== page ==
HongWrong presents a brief visual history of how the Hong Kong skyline has developed over the decades.
1880s – Beginning with a rare shot of the harbour from the 19th century – the same decade in which the Star Ferry became operational.
1910s – The CBD, gradually creeping up The Peak, was then named Victoria City.
1920s-30s – Development was minimal throughout the 20s and 30s. The original HSBC building, completed in 1936, became the centrepiece of the skyline – it featured a mixed art deco and stripped classical style and was the first to feature full air-conditioning.
The Battle of Hong Kong was waged in 1941.
1950s-60s – It was not until the tumultuous 1960s that things really began to develop on the booming harbour front. Refugees from China, especially from Shanghai, provided skills and labour, helping to revive the economy. There was unprecedented growth as the city was transformed into a manufacturing hub. Hong Kong made anything-and-everything that could be produced in a small space, such as buttons, artificial flowers, textiles, umbrellas, footwear and plastics.
An iconic building, which today is known as the Bank of China building, makes an appearance replacing the original City Hall.
1970s-80s – In the 70s and 80s, land reclamation began in Wan Chai and Causeway Bay and Jardine House (completed in 1976) became an iconic symbol of the city.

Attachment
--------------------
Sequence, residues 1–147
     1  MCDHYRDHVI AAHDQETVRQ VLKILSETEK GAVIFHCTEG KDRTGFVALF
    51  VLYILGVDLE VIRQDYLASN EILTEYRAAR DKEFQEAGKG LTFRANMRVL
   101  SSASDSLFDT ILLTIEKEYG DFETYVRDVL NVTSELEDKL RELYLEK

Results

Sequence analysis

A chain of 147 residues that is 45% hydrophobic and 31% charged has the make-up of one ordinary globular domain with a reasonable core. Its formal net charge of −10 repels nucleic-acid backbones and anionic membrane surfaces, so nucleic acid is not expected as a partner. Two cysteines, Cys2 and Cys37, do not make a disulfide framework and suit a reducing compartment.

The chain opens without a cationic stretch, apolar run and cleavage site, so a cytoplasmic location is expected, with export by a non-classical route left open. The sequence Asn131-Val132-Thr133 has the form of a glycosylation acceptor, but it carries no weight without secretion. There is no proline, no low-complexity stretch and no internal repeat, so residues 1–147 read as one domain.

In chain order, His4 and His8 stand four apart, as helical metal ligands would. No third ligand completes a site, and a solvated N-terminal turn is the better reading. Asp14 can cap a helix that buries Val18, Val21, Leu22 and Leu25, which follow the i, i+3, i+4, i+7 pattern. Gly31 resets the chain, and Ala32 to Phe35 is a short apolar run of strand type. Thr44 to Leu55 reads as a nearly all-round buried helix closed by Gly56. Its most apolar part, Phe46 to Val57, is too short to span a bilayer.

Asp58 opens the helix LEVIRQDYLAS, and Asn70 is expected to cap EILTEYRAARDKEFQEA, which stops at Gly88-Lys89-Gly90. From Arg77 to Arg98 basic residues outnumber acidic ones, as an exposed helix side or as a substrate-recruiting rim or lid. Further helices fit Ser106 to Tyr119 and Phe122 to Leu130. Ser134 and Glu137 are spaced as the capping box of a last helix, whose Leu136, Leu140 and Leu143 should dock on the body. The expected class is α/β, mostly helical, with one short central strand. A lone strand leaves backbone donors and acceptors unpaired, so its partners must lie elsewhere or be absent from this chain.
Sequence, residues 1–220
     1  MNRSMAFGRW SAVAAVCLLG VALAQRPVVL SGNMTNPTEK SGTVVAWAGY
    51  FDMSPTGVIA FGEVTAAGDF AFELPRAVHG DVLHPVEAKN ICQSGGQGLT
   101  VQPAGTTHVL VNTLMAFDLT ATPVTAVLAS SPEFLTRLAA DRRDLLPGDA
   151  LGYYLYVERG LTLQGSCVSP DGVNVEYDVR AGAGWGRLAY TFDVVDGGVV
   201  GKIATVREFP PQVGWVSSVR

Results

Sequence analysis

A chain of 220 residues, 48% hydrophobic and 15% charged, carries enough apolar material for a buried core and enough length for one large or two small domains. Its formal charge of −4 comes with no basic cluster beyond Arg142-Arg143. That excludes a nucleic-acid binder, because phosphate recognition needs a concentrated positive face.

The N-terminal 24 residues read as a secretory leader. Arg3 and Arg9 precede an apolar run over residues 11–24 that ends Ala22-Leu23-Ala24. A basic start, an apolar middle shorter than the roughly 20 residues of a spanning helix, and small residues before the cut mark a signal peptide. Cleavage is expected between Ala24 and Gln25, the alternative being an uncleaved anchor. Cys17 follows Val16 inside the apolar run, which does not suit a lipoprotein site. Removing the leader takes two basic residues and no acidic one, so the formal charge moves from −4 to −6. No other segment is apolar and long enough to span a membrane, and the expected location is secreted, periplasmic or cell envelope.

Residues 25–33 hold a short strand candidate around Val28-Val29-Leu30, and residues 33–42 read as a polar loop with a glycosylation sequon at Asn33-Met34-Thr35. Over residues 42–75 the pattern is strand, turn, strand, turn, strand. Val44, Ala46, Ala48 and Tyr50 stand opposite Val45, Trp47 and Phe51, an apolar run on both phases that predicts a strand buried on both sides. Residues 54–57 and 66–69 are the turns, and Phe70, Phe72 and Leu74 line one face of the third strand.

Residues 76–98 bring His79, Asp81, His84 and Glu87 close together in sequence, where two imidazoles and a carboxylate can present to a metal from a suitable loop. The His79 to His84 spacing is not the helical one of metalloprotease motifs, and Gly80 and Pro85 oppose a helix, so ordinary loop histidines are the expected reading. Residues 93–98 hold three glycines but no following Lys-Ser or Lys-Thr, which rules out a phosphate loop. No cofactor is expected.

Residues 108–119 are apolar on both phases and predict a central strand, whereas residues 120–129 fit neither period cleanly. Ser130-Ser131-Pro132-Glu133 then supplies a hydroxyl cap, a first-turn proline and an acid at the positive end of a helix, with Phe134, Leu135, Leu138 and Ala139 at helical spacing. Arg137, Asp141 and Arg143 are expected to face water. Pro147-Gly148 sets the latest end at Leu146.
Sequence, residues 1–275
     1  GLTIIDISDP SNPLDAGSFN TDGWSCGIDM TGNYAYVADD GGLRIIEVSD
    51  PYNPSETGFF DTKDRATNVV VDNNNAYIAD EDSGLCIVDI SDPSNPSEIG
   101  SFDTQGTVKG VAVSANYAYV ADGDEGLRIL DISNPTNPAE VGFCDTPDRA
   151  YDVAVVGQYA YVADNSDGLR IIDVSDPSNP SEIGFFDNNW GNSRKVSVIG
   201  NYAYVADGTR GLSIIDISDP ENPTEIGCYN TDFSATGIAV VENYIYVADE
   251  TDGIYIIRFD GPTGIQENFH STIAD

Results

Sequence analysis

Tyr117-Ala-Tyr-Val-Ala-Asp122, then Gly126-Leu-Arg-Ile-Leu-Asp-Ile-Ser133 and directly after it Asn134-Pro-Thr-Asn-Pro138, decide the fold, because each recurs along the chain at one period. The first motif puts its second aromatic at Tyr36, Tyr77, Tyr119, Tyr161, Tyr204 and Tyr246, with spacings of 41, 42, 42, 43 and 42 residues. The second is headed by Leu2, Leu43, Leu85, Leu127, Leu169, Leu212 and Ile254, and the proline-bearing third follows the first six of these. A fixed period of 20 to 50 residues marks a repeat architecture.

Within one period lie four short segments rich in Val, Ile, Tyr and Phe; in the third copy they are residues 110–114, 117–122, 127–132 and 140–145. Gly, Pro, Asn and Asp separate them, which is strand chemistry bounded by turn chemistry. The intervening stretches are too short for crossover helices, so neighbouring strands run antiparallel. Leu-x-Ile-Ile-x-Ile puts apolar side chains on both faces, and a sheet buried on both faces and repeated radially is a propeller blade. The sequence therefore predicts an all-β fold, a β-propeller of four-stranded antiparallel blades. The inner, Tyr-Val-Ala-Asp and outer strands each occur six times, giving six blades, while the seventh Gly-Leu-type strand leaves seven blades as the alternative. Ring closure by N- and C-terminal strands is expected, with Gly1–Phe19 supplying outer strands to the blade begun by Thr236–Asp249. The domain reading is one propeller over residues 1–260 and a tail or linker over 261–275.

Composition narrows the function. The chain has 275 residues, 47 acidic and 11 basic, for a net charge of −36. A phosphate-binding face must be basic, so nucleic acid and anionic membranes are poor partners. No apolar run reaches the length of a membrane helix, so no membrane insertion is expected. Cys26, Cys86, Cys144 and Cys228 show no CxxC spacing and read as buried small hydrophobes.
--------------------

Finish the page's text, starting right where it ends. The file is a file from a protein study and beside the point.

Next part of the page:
In 1972, the first cross-harbour tunnel opened, linking the peninsula to Hong Kong Island. During the same year, a British luxury liner sank in the harbour.
In 1975, the Bank of America Tower was completed. Two-years later, on Kowloon-side, the Tsim Sha Shui KCR station was dismantled, leaving only the Clock Tower.
In 1979, the Prince of Wales Building (currently the Chinese People’s Liberation Army Forces Hong Kong Building) opened whilst the city’s first circular building, the Hopewell Centre, came online in 1980.
The MTR system expanded rapidly and the Bank of China Tower was completed in 1989, opening a year later.
1990s – The mid-levels escalator was completed in 1993 and helped open up new areas in Central. The new decade also welcomed the new Standard Chartered building in 1990 and Central Plaza in 1992. The Cheung Kong Center opened in 1999.
2000s – The 88-storey IFC2 opened in 2003 and the Wanchai Exhibition Centre was fully completed in 2005.
By now, despite the efforts of The Antiquities and Monuments Board, few vestiges of colonial heritage remain.
Today, 45 buildings now take part in the nightly Symphony of Lights – the world’s largest light and sound show…
IFC2 has since been eclipsed by the 118-storey International Commerce Centre in West Kowloon, which was topped-out in 2010 and remains the tallest skyscraper in Hong Kong.
The map below shows just how much of the harbour has been reclaimed.
Click here for an interactive map.